One of my industry contacts sent me a link to a very interesting study recently released by the Asthma and Allergy Foundation of America (AAFA). Their report, appropriately titled the 2008 State Honor Roll - Annual Report of the State Asthma and Allergy Policies for Schools, represents a wealth of comparative information in regard to how well each state in the U.S. deals with asthma and allergy in its public schools.
According to the executive summary of the report,
"AAFA research and policy experts, in consultation with leaders in the fields of medicine, education and advocacy, identified 18 types of "policy standards" relating to asthma and allergies in schools that currently appear in states across the U.S. Three broad categories of policy types were assessed:
• Medication & Treatment
• School Environment
Researchers determined which states currently had most or all of the 18 policy standards in place and considered these states to be at the forefront asthma and allergy school advocacy. States with a minimum of 15 of the 18 policy standards in place are named "Honor Roll" states. These states represent good models for policymakers, administrators, teachers, parents and advocates in other states."
As a parent of a food allergic child, the first thing I did was dig into the report and find out how my state, Pennsylvania, stacked up. Of course, I found that my state is somewhere in the middle of the pack with regard to the policy stances studied in the document. Nowhere near the bottom, thankfully, but sadly also nowhere near the top.
I was surprised to see that Pennsylvania passed the self-carry law for epinephrine. Sara Shannon (an advocate from Canada who lost her daughter to food allergies) and I worked with Pennsylvania State Senator Orie who sponsored SB731, but the last I heard the bill was in the Pennsylvania House Education Committee. If it has passed, I will very happy to hear it.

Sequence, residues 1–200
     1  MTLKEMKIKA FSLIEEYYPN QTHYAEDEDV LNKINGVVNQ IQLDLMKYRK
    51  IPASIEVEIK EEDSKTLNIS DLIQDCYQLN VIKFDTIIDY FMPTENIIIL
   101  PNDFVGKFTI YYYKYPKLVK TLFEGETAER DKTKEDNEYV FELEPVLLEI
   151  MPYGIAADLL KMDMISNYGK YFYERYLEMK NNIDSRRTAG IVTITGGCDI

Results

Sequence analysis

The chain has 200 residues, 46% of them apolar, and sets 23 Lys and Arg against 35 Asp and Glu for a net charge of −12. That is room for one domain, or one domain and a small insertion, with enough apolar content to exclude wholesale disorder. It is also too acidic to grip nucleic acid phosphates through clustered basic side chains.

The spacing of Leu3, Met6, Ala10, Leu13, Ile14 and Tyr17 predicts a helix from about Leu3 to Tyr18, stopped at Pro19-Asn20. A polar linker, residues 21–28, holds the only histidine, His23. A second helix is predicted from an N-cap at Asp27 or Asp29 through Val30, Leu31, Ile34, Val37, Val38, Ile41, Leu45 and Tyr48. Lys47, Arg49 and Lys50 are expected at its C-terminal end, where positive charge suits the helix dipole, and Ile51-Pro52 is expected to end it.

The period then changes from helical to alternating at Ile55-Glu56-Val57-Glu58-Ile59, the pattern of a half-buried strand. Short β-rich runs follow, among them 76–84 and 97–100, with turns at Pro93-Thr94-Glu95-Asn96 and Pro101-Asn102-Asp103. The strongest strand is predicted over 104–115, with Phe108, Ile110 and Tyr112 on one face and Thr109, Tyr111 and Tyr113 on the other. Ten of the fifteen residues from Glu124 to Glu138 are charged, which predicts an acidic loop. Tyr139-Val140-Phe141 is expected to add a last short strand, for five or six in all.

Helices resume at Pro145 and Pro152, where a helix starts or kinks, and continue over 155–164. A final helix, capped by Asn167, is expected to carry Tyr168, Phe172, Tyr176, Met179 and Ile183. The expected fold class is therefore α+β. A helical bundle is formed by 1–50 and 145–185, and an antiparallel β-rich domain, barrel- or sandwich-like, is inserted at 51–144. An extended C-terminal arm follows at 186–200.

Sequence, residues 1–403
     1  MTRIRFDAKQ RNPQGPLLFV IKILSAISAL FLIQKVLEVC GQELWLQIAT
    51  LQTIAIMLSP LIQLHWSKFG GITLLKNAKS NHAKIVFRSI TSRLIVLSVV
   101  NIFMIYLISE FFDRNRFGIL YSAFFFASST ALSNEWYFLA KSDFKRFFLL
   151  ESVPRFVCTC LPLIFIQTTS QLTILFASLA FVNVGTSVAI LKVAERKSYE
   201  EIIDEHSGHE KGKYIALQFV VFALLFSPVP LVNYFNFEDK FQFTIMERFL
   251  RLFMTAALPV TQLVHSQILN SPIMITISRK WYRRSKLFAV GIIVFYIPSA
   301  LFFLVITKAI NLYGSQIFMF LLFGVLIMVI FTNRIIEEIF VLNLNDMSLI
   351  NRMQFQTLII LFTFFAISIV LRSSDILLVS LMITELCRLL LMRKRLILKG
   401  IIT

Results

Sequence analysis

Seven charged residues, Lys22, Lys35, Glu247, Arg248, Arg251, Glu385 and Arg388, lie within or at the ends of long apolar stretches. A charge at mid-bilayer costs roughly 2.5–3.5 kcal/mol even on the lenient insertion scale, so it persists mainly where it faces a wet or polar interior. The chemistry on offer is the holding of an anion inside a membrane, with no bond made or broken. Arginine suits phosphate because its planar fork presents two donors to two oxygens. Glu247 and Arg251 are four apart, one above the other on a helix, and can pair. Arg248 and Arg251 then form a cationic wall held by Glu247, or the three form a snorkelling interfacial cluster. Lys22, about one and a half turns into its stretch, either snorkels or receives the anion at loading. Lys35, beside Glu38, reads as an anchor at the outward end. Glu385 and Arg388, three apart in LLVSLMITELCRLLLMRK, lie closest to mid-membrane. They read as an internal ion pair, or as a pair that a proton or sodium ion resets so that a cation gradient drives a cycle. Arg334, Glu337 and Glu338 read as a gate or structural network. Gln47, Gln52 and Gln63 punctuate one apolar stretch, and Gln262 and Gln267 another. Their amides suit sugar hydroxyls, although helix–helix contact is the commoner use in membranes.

But I think the real power of this report is its ability to compare states on these policies, which is something that might be impossible if it were not for this report. Here are a couple of things that I observed and that I thought were especially interesting:
1. The states achieving the highest success in setting policy for asthma and allergy are largely in the northeastern U.S. The exception to that statement is the state of Washington . Why is this? Is it a reaction to the incidence of asthma and allergy in those states (possibly)? Is it the power of advocacy in those states (maybe)? Is it that the legislators in those states are especially wise when it comes to dealing with asthma and allergy policy? For those of us who live in these states, we should be thanking our lucky stars. And for those of us who don't, this report should motivate us to ask our legislators for changes. I think that this report could provide some powerful ammunition.
2. There is a huge variation in asthma and allergy policy from one state to another. Having been involved with food allergy advocacy for years, I guess that I always knew of the differences in policy between states. In certain areas (medication policies, for instance), many states have addressed an important health concern, and this report points that out. But what I wasn't aware of is the vast differences among the states in dealing with other aspects of asthma and allergy policy. The AAFA Honor Roll presents this information in an easy-to-read format, and this could, once again, become a powerful advocacy tool.